As with Bob's image, the front truck is obstructed by the people in the foreground, and the position of those people is not strictly ROT, although it is close. Honestly, I think this got in because it looks like a "grab" from an event, as opposed to an everyday scene. The people become a major element, probably sharing equal billing with the train. I'm not a fan of the cropping here. I would probably have pointed the camera just a bit more to the left, placing the people in the ROT position and balancing the position of the train in the frame. If there is any dead space, it is on the right. I probably also would have gone a bit wider, because I don't like cutting off the American Flag, and if I'm going to show people below the waist, I try not to cut their feet off.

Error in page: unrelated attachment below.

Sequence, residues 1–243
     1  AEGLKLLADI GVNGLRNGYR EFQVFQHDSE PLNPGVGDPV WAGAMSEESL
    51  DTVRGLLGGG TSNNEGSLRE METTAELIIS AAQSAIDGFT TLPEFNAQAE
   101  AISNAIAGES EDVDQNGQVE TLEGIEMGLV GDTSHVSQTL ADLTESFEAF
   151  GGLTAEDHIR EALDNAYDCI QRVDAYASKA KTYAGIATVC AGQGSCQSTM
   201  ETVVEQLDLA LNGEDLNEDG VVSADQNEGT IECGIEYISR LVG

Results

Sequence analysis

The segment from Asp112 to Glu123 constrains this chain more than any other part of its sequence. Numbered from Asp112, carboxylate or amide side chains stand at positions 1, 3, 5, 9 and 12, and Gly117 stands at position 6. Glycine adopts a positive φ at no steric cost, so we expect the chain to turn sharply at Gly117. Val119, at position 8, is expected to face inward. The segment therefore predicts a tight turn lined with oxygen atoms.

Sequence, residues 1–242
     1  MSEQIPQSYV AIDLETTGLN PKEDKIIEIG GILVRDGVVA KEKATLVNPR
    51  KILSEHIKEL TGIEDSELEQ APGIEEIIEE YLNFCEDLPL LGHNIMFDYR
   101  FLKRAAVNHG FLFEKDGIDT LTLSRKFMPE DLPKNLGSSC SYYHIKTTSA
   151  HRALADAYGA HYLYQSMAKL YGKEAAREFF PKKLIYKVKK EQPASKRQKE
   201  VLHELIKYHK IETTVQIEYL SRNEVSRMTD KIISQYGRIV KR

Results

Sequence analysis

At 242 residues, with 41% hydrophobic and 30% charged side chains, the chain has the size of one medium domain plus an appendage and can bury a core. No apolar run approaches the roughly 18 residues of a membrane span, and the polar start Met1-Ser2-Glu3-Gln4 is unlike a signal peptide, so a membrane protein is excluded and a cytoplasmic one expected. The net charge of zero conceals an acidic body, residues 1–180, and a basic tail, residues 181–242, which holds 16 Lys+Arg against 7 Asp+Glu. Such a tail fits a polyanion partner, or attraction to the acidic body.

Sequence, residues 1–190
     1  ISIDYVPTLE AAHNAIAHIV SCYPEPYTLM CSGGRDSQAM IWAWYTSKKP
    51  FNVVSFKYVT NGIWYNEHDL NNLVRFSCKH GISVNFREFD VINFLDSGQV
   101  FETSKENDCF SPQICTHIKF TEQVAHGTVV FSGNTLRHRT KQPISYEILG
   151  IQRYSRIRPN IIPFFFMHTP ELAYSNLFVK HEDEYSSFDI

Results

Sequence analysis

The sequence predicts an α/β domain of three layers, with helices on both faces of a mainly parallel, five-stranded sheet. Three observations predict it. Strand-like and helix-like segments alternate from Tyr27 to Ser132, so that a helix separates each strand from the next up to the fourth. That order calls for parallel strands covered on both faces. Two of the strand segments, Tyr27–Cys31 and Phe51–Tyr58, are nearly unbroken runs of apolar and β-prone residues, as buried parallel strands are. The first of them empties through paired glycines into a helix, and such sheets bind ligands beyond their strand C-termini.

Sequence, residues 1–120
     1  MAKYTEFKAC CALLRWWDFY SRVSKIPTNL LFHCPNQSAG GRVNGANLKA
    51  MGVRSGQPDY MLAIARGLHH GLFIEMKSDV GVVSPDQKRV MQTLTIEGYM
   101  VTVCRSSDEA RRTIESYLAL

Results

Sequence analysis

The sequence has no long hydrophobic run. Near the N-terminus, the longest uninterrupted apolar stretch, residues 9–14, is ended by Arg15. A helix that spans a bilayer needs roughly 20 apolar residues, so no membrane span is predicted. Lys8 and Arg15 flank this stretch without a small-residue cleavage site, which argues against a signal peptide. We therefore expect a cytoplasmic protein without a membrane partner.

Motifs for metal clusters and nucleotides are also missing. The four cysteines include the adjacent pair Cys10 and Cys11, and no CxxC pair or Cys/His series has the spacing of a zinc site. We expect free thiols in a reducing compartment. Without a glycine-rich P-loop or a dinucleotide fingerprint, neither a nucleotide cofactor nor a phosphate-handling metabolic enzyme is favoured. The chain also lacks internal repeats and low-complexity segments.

With Bob's image, it's not clearly an event, but more of an everyday scene. The major element is the train, with people as supporting elements, so the obstruction/merge becomes more of a liability. Also, and I think this is important, the lower right on the image is pretty devoid of subject matter. If the people were in the gauge on that 3rd set of tracks (basically ROT position), I think Bob's image is a lot more pleasing to the eye, even if there's still some obstruction/merge going on. And of course, Bob's image lacks a certain "appeal" that's in the image above.....which is likely the sole reason it got as many hits as it did.
Is it a problem that the woman's legs are cut off or that the flags on the train are cut off at the top?
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Old 12-17-2019, 09:05 PM   #10
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Is it a problem that the woman's legs are cut off or that the flags on the train are cut off at the top?
Going just a little looser on the crop (or wider on the shot) would have included both. I can see cutting people off at the waist, but at the ankles? When I first saw the shot, that was the second thing I noticed.
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Old 12-20-2019, 01:39 PM   #11
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Quote: